The area known as Marine Land has existed for more than 350 years. It was founded in 1655 and laid out as a huge ship-building yard on the island of Kattenburg. “This is historic ground” declared Willem Bijleveld, former director of the National Maritime Museum. “The Admiralty of Amsterdam, the forerunner of the Royal Marines, built here the great warships which protected the merchant ships of the VOC fleet”.
The Golden Age
In the Golden Age, Amsterdam was the largest harbour in the world. VOC ships sailed across the globe bringing herbs, spices and materials back to the Netherlands. These sea voyages could be very dangerous. The Admiralty’s warships, intended to protect the VOC fleet from pirates, were constructed in the Land’s Dock, the largest and most innovative shipyard in the country and one of the biggest employers in the city of Amsterdam.
“The ringing of the bell”
The Gatehouse with its old entrance is one of the few remaining 17th Century buildings in Marine Land. Hundreds of workers, carpenters, mast-makers and painters came to and fro daily through the gate. At that time, a bell hung above the gate and was rung to announce the start of work. The same bell can now be seen in the Maritime Museum.
The Marine Land’s Warehouse
The National Maritime Marine building also reminds us of the Golden Age as it was built in 1656 as the central storehouse for cannons, sails, flags and other equipment for the rapid furnishing of the new warships. The building was designed by Daniel Stalpaert, the architect who also designed the Royal Palace on the Dam square.
The end of the shipyard
Warships were built in the Land’s Dock for 260 years, from the wooden Ships of the Line for Michiel de Ruyter to the armoured cruisers for Queen Wilhelmina. In 1828 a dam or a dike was built between Amsterdam and the river IJ to protect the city from floods. As a consequence there was a lock, the Eastern Dock Lock, between the shipyard and the Zuiderzee which provided access to the North Sea. However, the entrance to the lock proved to be very narrow and too difficult for the bigger ships to navigate.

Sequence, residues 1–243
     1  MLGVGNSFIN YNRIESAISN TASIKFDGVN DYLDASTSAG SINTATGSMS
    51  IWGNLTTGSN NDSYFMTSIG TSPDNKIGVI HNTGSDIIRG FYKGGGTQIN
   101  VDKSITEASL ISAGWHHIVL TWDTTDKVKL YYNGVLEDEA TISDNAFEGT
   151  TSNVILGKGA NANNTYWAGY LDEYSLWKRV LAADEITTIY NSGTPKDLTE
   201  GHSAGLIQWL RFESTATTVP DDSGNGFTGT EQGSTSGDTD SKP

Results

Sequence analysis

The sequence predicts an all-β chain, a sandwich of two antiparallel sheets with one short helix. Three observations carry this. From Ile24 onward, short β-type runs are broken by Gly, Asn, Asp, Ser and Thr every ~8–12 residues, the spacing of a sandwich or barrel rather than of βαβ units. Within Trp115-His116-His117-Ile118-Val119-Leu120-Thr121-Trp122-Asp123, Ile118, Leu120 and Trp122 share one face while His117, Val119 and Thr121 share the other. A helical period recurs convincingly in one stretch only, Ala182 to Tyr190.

The building of the new railway station on the harbour front and the lane of railwaylines over the Eastern Dock Dike also resulted in the closure of the yard. It closed its gates in 1915.
The slipways in the yard have gone, but the memory of the Land’s shipyard must be cherished said Willem Bijleveld.
“Michiel de Ruyter made history when he sailed into battle from the yard and helped establish a strong Dutch Republic. This history you must always feel as you walk over the grounds”.
The southern part of the Marine Land, the so-called Voorwerf is the oldest part of the barracks and next to the Maritime Museum. This part is now at the disposal of the Project bureau. The Voorwerf still belongs to the state but is made accessable to the public. There are four buildings, the largest and perhaps the loveliest is building 003, the historical Gate house, a State Monument now housing studios, temporarily for artists developing ideas, on Maritime Power.
Amongst them are innovative small bussiness projects which, like the Ship Yard in its time, are given the opportunity to develop new ideas and to operate internationally. The other three buildings on the ‘Voorwerf’ belong to the 2nd half of the 20th Century. Building 006, the oldest, is from the 1960s and has been restored thoroughly but with great attention to detail and historic feeling and is now Pension Homeland.
It was formerly the officers’ stay of the Marine barracks, with the rooms, or cabins of the officers, who worked there throughout the week. They were given single or double rooms, depending upon their rank. The commander was given an apartment. On the ground floor the officers had a common room which the Marines called (in English) ‘the longroom’. Meals were prepared and served there and occasionally formal dinners were held, the men in ceremonial uniform and the ladies in evening gowns.
The longroom was available for receptions and parties but was mainly used as a common room for watching tv, playing billiards and having a drink at the bar. An ordinary working day was usually finished with a beer.
For 350 years this Land and its barracks were controlled by the Ministery of Defense. In recent years, part of this area has been transferred to the Central Government Real Estate Agency. The transferred buildings and sites are managed by Bureau Marineterrein Amsterdam, the project office that operates on behalf of the national government and the City of Amsterdam